Undeterred, Bascio decided to try adaptive cross-country skiing (sit skiing). Once again her natural athletic ability, competitive nature and work ethic enabled her to quickly rise through the competitive ranks earning her a six-year run on the U.S. ski team where she represented the U.S. as a cross-country sit skier in the 2006 and 2010 Paralympic Winter Games.

In the off-season Bascio continued handcycling as a form of cross-training.

Bascio took much of 2007 off from competing in order to embark on a new adventure. On July 8 of that year, she gave birth to her son Henry and she and Ian proudly adapted to the world of parenthood.  By early 2008 Bascio was ready to start competing and the family created a balance of parenting, work and training that would enable Bascio to get back into ski racing.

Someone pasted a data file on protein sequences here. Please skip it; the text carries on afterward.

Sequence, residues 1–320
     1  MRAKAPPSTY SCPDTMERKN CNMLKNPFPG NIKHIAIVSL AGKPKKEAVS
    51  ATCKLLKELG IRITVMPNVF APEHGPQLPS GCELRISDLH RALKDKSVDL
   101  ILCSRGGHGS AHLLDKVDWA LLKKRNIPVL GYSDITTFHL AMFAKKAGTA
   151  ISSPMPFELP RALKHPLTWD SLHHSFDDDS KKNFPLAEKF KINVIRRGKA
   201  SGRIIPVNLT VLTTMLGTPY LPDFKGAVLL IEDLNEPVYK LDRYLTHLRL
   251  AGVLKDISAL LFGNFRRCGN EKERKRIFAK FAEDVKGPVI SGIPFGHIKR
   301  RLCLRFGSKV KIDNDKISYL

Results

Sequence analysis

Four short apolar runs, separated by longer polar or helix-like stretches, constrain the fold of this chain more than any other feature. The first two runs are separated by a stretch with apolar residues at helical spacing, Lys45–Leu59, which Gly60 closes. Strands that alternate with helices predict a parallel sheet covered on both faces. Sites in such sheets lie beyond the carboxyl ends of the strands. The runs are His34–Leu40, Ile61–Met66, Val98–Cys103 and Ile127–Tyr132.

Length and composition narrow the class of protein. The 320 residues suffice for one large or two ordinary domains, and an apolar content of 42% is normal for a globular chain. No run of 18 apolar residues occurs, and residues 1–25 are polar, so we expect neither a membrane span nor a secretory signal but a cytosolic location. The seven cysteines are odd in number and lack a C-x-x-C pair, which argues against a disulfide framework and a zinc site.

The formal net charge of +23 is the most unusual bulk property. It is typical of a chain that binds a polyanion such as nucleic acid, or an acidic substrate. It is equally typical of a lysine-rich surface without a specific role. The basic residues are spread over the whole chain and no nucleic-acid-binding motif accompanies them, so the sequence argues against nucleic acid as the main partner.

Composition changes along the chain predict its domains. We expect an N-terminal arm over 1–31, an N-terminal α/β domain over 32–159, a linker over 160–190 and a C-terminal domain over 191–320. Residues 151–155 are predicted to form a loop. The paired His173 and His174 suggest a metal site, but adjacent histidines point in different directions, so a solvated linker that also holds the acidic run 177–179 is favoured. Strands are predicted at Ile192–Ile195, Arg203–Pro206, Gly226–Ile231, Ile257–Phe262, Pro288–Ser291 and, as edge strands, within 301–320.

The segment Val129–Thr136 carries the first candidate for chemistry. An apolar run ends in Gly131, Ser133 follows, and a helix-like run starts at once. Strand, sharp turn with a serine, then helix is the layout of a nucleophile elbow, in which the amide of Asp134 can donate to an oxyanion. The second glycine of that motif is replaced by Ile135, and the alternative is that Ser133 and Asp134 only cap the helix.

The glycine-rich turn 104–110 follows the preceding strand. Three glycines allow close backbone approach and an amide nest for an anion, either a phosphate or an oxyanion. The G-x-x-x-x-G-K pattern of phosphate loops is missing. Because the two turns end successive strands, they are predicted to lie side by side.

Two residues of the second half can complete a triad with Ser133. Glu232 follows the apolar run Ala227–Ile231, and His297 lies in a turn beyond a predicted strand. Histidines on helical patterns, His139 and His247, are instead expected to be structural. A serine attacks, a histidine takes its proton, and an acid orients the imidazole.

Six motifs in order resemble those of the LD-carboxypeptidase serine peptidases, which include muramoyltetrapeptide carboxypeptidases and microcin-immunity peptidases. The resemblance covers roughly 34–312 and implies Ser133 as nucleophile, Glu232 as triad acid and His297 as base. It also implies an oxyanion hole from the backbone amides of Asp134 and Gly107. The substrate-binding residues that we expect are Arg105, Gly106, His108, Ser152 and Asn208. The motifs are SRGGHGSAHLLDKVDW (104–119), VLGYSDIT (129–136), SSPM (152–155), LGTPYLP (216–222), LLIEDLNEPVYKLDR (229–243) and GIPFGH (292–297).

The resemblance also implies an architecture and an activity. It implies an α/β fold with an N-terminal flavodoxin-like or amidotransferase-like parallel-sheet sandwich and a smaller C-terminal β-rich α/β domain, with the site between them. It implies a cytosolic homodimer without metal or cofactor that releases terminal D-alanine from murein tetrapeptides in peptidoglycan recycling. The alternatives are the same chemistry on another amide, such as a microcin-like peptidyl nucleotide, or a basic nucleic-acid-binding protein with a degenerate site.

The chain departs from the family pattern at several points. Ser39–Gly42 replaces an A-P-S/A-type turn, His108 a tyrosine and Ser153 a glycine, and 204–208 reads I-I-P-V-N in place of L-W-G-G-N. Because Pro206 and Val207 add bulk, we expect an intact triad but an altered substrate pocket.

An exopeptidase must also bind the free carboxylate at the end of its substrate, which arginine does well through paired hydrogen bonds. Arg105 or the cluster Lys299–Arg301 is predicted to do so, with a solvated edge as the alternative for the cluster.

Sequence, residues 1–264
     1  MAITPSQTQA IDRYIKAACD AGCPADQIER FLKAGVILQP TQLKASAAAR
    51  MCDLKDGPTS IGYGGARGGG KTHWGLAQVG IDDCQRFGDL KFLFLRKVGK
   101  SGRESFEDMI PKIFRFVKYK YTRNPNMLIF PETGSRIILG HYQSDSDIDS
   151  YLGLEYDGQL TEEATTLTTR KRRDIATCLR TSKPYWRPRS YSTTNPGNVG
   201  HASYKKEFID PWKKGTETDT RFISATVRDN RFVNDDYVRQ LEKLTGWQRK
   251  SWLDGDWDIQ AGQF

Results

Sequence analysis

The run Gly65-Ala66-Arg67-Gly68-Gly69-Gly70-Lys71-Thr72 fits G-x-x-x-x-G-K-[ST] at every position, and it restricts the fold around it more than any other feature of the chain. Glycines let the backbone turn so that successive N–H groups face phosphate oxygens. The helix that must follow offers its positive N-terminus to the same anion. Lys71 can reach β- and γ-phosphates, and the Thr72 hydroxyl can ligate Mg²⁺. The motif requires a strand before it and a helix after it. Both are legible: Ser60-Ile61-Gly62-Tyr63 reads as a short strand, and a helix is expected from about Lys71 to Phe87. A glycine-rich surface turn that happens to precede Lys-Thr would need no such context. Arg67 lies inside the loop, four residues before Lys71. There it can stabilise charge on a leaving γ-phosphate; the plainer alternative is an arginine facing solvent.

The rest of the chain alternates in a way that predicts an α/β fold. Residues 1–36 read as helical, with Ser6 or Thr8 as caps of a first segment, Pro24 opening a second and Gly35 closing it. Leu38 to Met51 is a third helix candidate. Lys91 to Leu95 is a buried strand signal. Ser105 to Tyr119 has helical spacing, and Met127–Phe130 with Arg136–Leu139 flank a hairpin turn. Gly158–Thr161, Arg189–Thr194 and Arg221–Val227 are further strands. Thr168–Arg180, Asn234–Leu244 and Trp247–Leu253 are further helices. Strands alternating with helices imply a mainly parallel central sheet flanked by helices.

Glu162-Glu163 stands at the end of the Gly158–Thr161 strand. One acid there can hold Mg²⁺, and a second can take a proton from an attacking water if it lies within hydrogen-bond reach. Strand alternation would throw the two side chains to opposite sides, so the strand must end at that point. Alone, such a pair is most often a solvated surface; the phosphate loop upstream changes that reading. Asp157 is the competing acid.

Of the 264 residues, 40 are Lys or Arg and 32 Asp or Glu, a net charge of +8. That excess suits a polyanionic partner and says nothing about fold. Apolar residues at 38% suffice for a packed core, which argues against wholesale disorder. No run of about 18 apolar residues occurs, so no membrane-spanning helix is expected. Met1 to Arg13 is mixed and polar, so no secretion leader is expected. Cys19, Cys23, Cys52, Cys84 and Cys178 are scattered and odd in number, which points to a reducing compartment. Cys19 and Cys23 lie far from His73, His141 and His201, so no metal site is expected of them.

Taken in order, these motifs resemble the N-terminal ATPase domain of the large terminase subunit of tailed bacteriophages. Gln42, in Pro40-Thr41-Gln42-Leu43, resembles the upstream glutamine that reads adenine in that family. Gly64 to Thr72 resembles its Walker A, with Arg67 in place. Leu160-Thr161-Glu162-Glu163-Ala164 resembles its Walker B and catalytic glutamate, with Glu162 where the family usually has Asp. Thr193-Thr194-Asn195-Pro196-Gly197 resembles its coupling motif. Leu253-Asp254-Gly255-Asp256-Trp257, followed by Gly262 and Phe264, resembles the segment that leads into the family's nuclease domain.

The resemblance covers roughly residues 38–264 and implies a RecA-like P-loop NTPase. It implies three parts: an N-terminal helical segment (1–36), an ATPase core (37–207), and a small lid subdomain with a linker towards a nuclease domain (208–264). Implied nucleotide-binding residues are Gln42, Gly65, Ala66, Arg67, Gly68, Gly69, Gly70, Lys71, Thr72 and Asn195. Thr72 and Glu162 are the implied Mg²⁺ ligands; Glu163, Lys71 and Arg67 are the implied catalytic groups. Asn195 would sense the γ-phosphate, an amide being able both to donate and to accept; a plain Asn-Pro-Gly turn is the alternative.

Around the same time, Bascio’s dream of Paralympic handcycling seemed like it would come to fruition when it was announced that women’s handcycling would become an event at the 1998 summer Paralympics in Beijing.  Unfortunately in March she broke her tibia and fibula transferring out of a team van while at cross country race in Norway. Although her leg healed in time for her to compete in the Paralympic trials, she didn’t have enough time to get back into racing form and didn’t make the team.